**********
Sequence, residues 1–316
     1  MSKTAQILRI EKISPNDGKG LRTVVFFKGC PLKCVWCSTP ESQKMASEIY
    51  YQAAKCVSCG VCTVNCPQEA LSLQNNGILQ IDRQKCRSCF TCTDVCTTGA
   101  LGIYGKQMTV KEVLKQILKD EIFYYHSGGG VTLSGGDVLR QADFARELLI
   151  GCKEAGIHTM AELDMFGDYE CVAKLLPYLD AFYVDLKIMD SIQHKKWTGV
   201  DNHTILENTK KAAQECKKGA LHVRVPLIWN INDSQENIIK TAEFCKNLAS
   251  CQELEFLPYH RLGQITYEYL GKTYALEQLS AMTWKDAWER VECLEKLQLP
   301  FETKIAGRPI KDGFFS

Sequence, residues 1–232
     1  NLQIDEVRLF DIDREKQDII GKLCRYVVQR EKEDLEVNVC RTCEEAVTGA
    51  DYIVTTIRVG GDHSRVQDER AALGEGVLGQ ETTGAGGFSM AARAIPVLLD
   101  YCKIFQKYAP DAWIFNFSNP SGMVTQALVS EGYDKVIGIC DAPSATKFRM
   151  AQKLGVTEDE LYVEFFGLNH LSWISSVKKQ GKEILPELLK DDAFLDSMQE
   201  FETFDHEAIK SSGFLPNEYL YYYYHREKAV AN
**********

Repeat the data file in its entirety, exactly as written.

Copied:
Sequence, residues 1–316
     1  MSKTAQILRI EKISPNDGKG LRTVVFFKGC PLKCVWCSTP ESQKMASEIY
    51  YQAAKCVSCG VCTVNCPQEA LSLQNNGILQ IDRQKCRSCF TCTDVCTTGA
   101  LGIYGKQMTV KEVLKQILKD EIFYYHSGGG VTLSGGDVLR QADFARELLI
   151  GCKEAGIHTM AELDMFGDYE CVAKLLPYLD AFYVDLKIMD SIQHKKWTGV
   201  DNHTILENTK KAAQECKKGA LHVRVPLIWN INDSQENIIK TAEFCKNLAS
   251  CQELEFLPYH RLGQITYEYL GKTYALEQLS AMTWKDAWER VECLEKLQLP
   301  FETKIAGRPI KDGFFS

Sequence, residues 1–232
     1  NLQIDEVRLF DIDREKQDII GKLCRYVVQR EKEDLEVNVC RTCEEAVTGA
    51  DYIVTTIRVG GDHSRVQDER AALGEGVLGQ ETTGAGGFSM AARAIPVLLD
   101  YCKIFQKYAP DAWIFNFSNP SGMVTQALVS EGYDKVIGIC DAPSATKFRM
   151  AQKLGVTEDE LYVEFFGLNH LSWISSVKKQ GKEILPELLK DDAFLDSMQE
   201  FETFDHEAIK SSGFLPNEYL YYYYHREKAV AN